In a radical departure from earlier fictions, Moore situated this novel in the Quebec province of Canada in 1635, yet the novel features another portrait of a character struggling with a lonely passion. The novel centers on Father Laforgue, a young French Jesuit, who approaches missionary work among the “Savages” (the European name for the native inhabitants) of North America with overwhelming zeal.
As in the case of each of Moore’s historical novels, Laforgue is modeled after an actual figure, Father Noel Chabanel, though Laforgue becomes a vehicle for Moore to explore long-standing themes and concerns. Perhaps the most crucial of these is the theme of faith. In Laforgue, Moore paints a portrait of man whose life, his very being, is informed by a deep, ravishing faith in something beyond himself. In many of his novels, Moore examined the loss of faith, the sense of vacuousness that comes without any sense of deep and abiding belief. Laforgue is, in fact, so dedicated and convinced of his beliefs that he longs for martyrdom and the opportunity for self-sacrifice. Thus, the location of action in the seventeenth century allows for a revealing counterpoint to the contemporary period in which lives are largely lived without any larger system of belief.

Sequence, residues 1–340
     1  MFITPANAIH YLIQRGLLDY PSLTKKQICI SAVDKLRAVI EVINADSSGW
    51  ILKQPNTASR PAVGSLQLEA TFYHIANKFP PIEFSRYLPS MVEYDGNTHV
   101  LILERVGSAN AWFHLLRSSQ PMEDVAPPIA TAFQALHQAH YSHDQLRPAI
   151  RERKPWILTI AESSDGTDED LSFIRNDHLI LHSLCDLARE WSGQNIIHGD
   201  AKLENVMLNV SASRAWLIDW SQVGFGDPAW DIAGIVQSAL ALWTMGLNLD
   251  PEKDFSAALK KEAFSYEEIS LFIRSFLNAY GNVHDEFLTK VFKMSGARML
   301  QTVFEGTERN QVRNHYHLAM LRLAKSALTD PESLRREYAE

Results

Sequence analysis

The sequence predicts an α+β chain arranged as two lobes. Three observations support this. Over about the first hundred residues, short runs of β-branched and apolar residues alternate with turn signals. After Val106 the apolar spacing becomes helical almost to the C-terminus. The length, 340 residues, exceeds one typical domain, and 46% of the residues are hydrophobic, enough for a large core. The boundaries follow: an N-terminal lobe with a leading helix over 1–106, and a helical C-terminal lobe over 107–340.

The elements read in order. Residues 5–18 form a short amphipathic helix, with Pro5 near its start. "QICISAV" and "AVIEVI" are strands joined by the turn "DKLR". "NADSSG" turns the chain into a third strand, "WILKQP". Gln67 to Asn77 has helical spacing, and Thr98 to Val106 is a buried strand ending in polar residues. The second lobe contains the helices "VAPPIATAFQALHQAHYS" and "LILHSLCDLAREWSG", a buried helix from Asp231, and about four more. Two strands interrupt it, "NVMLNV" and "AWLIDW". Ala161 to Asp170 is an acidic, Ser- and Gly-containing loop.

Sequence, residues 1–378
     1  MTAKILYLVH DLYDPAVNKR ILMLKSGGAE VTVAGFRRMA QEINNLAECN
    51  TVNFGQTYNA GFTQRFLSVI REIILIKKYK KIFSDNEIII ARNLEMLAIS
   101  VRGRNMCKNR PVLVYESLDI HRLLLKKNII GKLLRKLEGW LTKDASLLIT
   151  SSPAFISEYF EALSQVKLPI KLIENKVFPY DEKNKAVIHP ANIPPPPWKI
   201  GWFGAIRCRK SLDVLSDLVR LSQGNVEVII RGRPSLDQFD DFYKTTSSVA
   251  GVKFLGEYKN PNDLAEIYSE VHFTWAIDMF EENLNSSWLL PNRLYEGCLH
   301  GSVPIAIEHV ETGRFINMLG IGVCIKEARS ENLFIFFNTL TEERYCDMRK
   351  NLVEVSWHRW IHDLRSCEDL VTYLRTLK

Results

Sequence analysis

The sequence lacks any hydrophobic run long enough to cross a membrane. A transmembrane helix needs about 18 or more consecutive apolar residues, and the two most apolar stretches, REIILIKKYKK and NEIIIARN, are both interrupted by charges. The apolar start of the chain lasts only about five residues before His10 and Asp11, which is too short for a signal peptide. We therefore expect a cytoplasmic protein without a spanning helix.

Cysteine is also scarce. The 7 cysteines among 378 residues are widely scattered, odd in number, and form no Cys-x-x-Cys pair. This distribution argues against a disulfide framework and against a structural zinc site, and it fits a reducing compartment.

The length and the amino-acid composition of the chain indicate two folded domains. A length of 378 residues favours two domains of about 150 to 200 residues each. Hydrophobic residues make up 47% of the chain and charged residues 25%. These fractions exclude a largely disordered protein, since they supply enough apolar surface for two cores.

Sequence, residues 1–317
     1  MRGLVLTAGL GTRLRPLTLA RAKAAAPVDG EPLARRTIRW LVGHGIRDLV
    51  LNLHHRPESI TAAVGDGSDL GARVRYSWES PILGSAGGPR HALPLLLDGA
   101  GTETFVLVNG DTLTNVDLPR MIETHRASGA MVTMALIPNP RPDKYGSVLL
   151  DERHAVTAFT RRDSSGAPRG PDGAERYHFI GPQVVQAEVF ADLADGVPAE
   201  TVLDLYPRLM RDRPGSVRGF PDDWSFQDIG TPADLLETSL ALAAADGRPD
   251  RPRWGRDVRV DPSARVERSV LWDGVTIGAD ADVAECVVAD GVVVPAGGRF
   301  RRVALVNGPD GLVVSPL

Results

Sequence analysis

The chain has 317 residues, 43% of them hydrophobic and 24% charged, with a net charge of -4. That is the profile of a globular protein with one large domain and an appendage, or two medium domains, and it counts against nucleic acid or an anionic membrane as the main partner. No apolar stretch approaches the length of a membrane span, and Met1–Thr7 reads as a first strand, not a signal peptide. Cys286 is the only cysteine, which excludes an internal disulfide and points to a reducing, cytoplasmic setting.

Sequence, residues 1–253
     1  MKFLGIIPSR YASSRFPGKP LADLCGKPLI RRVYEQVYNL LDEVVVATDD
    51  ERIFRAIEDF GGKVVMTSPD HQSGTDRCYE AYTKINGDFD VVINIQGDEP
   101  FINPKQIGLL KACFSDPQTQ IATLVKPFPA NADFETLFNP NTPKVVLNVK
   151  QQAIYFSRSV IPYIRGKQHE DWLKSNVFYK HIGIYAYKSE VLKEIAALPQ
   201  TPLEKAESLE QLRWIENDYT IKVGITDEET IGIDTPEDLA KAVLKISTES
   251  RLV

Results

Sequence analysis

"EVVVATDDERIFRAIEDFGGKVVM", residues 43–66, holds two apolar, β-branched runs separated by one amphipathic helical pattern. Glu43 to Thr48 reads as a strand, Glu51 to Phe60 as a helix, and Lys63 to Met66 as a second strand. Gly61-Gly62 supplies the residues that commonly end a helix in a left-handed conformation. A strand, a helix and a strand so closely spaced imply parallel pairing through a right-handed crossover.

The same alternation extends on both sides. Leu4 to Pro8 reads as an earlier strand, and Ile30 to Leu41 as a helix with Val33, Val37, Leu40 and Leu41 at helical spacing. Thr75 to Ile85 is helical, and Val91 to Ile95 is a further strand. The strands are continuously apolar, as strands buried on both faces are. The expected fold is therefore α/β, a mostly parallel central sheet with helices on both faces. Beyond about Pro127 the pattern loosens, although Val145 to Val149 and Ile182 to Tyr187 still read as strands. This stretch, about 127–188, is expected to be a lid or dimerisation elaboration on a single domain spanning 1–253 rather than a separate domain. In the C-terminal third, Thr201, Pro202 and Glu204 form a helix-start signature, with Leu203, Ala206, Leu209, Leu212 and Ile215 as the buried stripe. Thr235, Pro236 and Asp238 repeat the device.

This is not to suggest, however, that Moore’s dissatisfaction with the Catholic Church has suddenly vanished. Father Laforgue is so convinced of his spiritual rectitude that he stands in...
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